In a clear indictment of Microsoft's Windows strategy, new research suggests that up to a third of all new Windows Vista machines get downgraded to XP, either by the hardware vendors like Dell, or by customers.
That is a massive number. Ironically, it's a number that works to the short-term advantage of Microsoft's top and bottom lines, but it still represents a vote of "no confidence" in Microsoft's Windows strategy.
Microsoft's only hope at this point is that customers will forget Vista as rapidly as they did Millennium and ramp up anticipation for Windows 7. Actually, it's real hope is that Windows 7 will be worth waiting for.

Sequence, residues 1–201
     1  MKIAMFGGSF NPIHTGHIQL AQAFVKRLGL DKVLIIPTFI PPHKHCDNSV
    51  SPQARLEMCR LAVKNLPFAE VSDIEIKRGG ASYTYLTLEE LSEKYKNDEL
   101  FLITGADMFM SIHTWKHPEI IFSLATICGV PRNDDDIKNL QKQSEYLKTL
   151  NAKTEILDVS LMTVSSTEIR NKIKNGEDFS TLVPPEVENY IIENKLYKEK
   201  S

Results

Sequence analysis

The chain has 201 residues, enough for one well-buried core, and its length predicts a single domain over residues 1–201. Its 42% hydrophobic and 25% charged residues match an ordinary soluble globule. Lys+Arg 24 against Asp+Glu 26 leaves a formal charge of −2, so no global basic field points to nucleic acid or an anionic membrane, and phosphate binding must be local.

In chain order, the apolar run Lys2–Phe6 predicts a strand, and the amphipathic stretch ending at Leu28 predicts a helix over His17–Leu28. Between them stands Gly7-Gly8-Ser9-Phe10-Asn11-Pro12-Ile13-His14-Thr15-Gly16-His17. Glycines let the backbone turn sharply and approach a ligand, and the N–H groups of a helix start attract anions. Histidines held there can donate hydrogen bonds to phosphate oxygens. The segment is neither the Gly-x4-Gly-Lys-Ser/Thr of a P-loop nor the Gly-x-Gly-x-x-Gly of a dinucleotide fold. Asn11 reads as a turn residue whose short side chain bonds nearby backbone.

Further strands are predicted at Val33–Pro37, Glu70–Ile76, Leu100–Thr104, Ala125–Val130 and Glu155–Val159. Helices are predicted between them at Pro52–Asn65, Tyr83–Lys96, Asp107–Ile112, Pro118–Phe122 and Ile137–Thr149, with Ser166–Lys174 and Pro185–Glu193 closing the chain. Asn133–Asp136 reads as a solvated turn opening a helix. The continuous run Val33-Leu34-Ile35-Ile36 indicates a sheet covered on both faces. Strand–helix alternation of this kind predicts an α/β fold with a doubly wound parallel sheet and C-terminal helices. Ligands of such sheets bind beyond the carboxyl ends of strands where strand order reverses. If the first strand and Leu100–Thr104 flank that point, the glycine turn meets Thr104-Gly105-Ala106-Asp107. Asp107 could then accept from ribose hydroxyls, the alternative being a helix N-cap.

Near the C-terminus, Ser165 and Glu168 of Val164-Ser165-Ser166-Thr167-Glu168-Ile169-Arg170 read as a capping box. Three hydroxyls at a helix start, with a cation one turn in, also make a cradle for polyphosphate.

No one is buying Apple's machines because of an upgrade from OS X 10.3 to 10.5. They're upgrading from Windows XP or from the iPod or iPhone. They want, in other words, a different computing experience, not merely an improved operating system. No one thinks about operating systems anymore. Or not much.
Until Microsoft finds some compelling reason for people to care about its operating system, or provides differentiated value beyond the operating system, it's going to find that Windows 7 won't solve its ills. Midori, which blends the cloud with the desktop, is a much smarter bet. Windows 7? It feels like more of the same Vista problem.